Environmental law campaign group ClientEarth has expressed concern over a lack of clarity from the Welsh Government over its plans to tackle air pollution, which were outlined last week.
The law firm, which has led successful cases against the UK government over its plans to address nitrogen dioxide (NO2) air pollution in towns and cities across England, has said it will be looking at the Welsh Governmentâ€™s plans â€˜in detailâ€™ to assess whether they may fall short of legal requirements.
Welsh Environment Minister Hannah Blythyn announced a package of measures to address air pollution in towns and cities on Wednesday, after the Welsh Government admitted that it had failed to bring forward suitable measures to tackle air pollution at the High Court in January (see airqualitynews.com story).
The plans centre on imposing temporary speed restrictions on five roads where NO2 limits are currently being breached, as well as exploring the potential for the introduction of Clean Air Zones in urban areas where breaches of the air quality limit continue (see airqualitynews.com story).
ClientEarth Clean Air Lawyer Katie Nield said: â€œWe will be going through the draft plans in more depth but our initial observations suggest that they lack clarity and detail. They are plans for a plan, which just set out a timetable for assessing the possible things that the government and local authorities could do. This would fall short of what the Welsh Government had itself promised the court it would deliver.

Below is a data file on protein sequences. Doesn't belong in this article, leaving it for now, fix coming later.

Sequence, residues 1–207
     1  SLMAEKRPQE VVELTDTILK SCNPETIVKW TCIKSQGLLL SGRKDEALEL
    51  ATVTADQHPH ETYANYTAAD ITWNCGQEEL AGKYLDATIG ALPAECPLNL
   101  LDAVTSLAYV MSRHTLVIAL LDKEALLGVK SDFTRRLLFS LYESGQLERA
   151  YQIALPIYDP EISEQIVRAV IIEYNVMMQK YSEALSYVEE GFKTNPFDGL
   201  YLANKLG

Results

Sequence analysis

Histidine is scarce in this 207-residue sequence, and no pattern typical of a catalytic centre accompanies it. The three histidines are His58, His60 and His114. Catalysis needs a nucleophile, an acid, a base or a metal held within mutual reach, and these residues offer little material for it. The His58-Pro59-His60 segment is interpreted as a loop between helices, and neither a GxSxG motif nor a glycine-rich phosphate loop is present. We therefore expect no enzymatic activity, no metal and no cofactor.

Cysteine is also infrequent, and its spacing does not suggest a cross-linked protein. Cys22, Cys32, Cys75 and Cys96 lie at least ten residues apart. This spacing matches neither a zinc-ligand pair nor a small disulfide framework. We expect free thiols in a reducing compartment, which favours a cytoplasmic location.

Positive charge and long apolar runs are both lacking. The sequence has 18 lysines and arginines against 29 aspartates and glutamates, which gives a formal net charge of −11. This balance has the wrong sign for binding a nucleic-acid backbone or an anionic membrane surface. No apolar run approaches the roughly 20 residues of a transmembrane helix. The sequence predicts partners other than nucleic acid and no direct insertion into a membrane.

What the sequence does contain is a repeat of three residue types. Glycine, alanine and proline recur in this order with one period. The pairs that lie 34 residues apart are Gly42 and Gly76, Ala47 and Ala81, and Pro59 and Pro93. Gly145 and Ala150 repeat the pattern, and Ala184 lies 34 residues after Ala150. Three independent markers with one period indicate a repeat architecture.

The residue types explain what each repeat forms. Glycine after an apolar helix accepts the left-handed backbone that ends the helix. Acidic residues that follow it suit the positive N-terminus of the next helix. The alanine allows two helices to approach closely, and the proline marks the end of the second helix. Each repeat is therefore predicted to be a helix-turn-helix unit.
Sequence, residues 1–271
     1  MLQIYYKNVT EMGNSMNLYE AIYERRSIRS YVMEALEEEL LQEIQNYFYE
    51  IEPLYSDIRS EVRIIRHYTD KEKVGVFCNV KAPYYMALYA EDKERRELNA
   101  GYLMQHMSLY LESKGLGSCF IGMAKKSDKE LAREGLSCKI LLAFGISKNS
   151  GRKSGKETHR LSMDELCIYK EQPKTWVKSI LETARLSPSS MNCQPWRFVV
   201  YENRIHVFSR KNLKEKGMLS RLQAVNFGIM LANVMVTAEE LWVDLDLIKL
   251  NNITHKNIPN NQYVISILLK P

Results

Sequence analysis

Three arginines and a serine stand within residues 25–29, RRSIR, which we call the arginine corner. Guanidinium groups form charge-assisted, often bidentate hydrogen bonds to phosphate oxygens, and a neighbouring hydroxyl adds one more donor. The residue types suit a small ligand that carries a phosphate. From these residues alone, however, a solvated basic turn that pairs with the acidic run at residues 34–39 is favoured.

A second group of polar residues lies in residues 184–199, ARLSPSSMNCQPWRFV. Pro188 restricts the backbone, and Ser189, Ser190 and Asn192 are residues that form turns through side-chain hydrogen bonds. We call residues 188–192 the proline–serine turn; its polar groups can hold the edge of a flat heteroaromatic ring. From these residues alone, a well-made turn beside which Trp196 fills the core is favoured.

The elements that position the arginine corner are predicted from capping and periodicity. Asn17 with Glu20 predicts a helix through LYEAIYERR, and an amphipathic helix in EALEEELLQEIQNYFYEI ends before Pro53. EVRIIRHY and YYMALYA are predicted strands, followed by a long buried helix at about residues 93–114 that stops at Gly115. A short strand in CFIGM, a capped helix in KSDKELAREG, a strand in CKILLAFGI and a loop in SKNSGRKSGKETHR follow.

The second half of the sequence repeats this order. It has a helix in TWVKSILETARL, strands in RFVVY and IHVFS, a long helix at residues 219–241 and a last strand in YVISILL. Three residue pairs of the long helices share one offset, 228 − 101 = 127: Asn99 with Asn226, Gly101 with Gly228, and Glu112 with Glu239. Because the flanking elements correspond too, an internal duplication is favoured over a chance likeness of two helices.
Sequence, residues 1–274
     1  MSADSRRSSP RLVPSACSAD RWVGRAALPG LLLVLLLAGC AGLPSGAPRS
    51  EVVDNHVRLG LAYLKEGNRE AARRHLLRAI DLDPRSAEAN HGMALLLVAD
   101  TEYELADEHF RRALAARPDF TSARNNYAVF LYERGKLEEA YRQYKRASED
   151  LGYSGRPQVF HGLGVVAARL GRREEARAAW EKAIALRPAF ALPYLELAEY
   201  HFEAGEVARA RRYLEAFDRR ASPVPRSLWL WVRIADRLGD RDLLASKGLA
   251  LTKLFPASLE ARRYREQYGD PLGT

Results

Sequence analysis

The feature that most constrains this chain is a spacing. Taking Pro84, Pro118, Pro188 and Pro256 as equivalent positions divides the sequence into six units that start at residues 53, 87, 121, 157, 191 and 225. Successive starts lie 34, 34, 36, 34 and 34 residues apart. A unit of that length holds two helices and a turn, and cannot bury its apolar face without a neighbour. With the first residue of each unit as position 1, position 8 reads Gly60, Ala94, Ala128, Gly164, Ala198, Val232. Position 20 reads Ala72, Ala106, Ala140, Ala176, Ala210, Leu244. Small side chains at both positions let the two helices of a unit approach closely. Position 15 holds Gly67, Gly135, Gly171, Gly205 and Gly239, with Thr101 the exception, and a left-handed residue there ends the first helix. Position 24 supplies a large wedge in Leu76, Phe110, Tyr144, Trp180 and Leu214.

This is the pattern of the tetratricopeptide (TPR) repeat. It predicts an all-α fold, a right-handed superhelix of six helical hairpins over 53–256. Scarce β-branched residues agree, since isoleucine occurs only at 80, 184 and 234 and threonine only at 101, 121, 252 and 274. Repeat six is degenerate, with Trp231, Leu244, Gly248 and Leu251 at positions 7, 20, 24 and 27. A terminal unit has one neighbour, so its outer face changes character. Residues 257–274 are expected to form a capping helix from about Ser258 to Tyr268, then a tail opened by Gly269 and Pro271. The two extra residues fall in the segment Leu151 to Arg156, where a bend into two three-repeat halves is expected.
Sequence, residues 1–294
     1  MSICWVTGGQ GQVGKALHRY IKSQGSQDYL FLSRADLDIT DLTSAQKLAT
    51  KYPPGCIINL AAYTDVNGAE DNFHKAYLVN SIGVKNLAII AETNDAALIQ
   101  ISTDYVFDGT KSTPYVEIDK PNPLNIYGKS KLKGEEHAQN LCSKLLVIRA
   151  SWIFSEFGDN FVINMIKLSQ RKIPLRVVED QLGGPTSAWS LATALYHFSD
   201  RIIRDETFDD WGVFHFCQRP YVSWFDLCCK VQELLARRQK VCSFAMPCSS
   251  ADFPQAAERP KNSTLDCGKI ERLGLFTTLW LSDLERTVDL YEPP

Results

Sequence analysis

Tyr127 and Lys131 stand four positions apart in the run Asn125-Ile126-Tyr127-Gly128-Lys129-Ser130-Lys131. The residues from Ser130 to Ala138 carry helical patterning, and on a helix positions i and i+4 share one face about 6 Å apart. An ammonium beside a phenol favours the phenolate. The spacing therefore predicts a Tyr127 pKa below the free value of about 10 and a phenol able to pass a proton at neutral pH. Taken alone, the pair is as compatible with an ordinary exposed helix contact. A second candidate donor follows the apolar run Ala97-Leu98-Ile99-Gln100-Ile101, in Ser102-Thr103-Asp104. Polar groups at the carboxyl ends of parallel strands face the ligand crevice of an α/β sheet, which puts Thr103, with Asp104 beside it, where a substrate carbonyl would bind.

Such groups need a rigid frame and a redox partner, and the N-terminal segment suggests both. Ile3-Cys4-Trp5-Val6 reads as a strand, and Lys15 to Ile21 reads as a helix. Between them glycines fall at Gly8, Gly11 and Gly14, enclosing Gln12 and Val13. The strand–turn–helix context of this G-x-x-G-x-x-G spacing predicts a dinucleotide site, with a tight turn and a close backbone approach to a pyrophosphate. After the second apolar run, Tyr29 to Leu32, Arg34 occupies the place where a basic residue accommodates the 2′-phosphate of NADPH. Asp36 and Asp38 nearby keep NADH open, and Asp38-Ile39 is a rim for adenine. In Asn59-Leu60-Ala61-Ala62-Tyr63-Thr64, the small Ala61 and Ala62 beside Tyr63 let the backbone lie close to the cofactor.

â€œAny plan should set out the measures that the government will take to bring air pollution to within legal limits as soon as possible, as well as a rigorous impact assessment to show that compliance is likely rather than just possible.â€
All four of Walesâ€™Â â€œzonesâ€ designated for the purpose of monitoring air pollution are above the legal limit for NO2, which is an annual average of 40Î¼g/m3.
Ms Nield added: â€œWhilst we welcome the commitment to implement some immediate mitigation measures in a limited number of pollution hotspots, it remains unclear what additional action will be taken to tackle the issue in the longer-term.
â€œWhat is also worrying is what the draft suggests about the Welsh Governmentâ€™s readiness to submit a final plan by the court deadline of 31 July. According to the governmentâ€™s proposed timeline, it will not have made a final decision on what measures will be adopted by this date.
â€œThe government needs to accelerate its information gathering and impact assessment procedures to ensure that the deadline for a final plan is met. Any further delay means people in the areas of Wales with illegal and harmful levels of air pollution will suffer for longer.â€